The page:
1. totally agree. Not a fan of the homework for primary school kids thing Japan has going. I must say I am getting used to it and the first thing I ask my English kids after the holidays is how long it took them to get their homework finished. I think Christmas day is pushing it though. It ‘sucks’ that Japanese society ranks points so highly in things. I’m not looking forward to dealing with Japan and its education system – starting for me in a few years, when my eldest starts school two months before his SEVENTH birthday. Arrgghhh.

  2. I read the Chua essay with a mixture of horror and self-doubt (“are my kids lazy and spoiled n’er do wells?”); then I read another article, in which she responded, saying the WSJ just strung together the worst parts of her book, and that it’s really more about her own journey as a mother (and that she lightened up over time). I also just read a column in the NYT (http://www.nytimes.com/2011/01/16/opinion/16kristof.html) about how, though China and other countries with a Confucian educational model (as well as Finland), exceed the US in test scores, the Chinese (through polling, I guess) believe their ed system is too constrained and doesn’t allow for freedom and creativity. But the key in those countries (even if we don’t agree w/ their educational model) is that they, as nations, value education, which America increasingly does not.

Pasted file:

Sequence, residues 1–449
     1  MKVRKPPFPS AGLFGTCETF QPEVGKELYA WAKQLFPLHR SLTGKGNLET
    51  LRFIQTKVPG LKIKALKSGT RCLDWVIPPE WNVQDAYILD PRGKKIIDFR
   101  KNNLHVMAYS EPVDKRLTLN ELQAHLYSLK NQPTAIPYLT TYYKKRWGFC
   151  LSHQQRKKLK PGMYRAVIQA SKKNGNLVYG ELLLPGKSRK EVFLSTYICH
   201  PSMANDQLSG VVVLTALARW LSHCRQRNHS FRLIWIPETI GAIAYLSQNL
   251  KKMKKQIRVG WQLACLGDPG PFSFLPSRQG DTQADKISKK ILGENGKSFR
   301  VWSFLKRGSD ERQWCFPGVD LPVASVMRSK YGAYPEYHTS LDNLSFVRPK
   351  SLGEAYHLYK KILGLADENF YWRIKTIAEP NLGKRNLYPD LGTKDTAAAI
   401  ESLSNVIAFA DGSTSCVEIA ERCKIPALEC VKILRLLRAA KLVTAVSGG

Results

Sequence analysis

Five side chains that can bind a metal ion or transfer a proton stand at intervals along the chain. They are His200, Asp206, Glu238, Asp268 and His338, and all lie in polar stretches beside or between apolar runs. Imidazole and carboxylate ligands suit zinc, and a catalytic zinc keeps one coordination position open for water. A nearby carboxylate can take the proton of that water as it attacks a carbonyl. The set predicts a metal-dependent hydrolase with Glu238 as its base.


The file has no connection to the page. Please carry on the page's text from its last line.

3. Andrea, I’ve heard the same. The review I read was much more balanced than the WSJ excerpt. I’ve actually ordered the book and am looking forward to reading it.

    I’m glad to live in a society that values education, and I concede that a certain amount of rote learning is unavoidable. How else can one learn kanji or the multiplication tables? But I don’t think that berating, belittling, and yelling at children for poor performance is the best way to obtain results.

    This year, my son has a kinder, gentler teacher who believes in recess, and my son’s grades have gone up. He’s also less stressed in general.

    And my son who started playing baseball two years ago BECAUSE HE HIMSELF WANTED TO, and was the worst player on his team, now has the best batting average among his teammates. That’s partly because his father worked with him on his form, forcing him to practice swinging before bed (and AFTER three hours of team practice). Since hitting his first home run, he has become very motivated. He gets up at 5AM on his own for Saturday morning games, and spends his own money to practice at a nearby batting range.